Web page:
"Because you did not serve HaShem, your G-d, with happiness and with gladness of heart..."
The Torah reading of Ki Tavo opens with dessert. The description of the bringing of the first-fruits to the Holy Temple and the accompanying acknowledgment by the Israelite worshiper of G-d's loving kindness towards Israel as a nation and towards himself as an individual is the defining and climactic moment of our people in time, (redemption), and space, (Israel, Jerusalem, the Holy Temple). This "dessert" is not an optional addition to our relationship with G-d but a very necessary embellishment to all which has taken place leading up to it. Its obligatory nature, however, does not make it any less sweet. On the contrary, the fact that we are commanded to take such a naturally fulfilling and exhilarating step only enhances the sweetness of the moment. It contains no calories and no down side: the perfect dessert!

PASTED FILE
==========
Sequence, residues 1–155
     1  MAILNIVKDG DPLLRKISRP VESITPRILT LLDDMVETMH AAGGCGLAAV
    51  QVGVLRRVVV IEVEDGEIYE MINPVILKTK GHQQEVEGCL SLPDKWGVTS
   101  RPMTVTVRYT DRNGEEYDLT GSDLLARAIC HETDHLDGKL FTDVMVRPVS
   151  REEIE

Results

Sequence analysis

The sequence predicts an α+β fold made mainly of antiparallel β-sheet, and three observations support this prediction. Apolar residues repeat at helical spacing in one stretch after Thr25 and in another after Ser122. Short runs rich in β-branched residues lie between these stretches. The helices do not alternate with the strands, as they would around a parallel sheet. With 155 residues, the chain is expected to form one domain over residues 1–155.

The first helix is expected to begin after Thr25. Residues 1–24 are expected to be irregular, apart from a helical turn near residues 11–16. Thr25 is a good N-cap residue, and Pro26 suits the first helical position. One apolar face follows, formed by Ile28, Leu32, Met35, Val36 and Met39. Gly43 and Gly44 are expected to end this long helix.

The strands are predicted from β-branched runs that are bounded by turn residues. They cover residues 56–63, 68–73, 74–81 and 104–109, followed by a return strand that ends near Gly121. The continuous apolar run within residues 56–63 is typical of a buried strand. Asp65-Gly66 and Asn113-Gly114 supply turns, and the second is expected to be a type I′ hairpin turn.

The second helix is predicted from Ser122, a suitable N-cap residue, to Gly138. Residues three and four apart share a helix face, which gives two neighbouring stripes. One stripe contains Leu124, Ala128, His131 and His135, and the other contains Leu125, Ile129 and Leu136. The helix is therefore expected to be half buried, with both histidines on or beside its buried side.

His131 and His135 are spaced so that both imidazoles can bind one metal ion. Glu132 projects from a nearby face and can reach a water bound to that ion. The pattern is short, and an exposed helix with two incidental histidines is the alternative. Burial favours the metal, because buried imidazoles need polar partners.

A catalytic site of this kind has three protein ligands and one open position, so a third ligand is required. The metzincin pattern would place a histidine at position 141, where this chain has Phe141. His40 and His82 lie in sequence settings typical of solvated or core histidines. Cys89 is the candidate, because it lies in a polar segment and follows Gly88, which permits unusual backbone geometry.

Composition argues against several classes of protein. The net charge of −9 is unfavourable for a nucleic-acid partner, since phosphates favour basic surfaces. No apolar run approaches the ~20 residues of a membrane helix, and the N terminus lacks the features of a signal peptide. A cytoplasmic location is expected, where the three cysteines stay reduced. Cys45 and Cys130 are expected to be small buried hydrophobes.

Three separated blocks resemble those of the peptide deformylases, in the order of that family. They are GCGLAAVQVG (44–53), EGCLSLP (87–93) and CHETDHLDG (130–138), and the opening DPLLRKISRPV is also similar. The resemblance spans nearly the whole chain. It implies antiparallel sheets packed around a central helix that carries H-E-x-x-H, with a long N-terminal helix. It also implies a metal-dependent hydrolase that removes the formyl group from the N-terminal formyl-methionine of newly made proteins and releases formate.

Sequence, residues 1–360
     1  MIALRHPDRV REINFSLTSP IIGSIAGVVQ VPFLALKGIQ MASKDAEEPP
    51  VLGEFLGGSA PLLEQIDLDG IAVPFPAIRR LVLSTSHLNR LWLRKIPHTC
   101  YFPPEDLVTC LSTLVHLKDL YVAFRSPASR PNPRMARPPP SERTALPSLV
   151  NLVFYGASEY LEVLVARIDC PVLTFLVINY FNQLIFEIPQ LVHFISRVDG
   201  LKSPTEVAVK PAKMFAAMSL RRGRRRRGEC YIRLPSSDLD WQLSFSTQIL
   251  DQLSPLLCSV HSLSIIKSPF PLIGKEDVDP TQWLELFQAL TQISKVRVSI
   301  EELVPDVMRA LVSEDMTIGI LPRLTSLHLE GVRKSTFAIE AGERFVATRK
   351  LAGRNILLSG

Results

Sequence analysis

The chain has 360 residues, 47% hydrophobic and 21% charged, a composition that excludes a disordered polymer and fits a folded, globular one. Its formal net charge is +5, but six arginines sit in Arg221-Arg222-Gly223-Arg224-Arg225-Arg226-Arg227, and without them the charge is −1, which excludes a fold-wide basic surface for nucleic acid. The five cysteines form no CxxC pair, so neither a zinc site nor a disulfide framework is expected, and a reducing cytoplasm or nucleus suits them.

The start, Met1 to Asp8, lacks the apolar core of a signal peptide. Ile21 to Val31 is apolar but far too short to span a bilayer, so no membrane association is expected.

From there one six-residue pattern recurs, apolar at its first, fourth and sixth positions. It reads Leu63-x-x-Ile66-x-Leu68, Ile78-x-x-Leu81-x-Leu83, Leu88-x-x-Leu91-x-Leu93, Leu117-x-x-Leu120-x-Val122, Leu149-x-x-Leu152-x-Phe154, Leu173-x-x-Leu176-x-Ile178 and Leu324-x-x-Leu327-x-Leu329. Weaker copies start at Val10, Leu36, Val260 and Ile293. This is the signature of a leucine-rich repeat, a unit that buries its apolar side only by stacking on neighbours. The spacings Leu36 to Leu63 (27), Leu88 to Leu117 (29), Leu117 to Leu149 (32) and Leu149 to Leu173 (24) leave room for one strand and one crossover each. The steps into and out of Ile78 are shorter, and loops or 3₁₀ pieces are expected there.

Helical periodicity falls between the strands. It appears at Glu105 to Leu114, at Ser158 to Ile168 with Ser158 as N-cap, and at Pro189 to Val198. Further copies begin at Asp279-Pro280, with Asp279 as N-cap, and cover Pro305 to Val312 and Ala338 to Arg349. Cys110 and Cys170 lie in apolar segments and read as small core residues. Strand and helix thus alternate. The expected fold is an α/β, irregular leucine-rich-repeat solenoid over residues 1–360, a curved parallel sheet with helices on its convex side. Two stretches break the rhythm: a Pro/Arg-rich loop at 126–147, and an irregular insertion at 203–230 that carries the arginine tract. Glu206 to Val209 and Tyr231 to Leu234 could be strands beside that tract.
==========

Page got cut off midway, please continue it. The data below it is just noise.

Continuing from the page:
Torah then takes a step back and describes the initial obligations the entire nation is to perform literally upon its first steps in the land of Israel, even before the liberation of the land, or the unification of the twelve tribes under King David, or the destruction of Amalek, or the establishment of Jerusalem as Israel's capital city, or the building of the Holy Temple. These obligations include the removing of twelve large stones from the Jordan River, establishing them as a monument, standing as a nation on Mounts Eval and Gerizim, pronouncing the prescribed blessings and curses from these two lofty peaks, and finally, building a large altar from these very same stones. Unlike the commandment of the first-fruits, these acts mark only the beginning and not the crowning moments of Israel's historic mission to possess the land G-d promised her and realize within her borders a Torah-informed society from which G-d's truth will spread forth to the four corners of the earth. In terms of the spiritual maturation necessary to complete such a transformation, the distance between these two sets of commandments is no less than light years.